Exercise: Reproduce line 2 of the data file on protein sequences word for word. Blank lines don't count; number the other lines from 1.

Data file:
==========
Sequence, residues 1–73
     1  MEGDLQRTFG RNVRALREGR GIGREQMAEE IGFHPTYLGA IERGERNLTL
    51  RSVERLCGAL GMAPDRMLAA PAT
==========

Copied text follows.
     1  MEGDLQRTFG RNVRALREGR GIGREQMAEE IGFHPTYLGA IERGERNLTL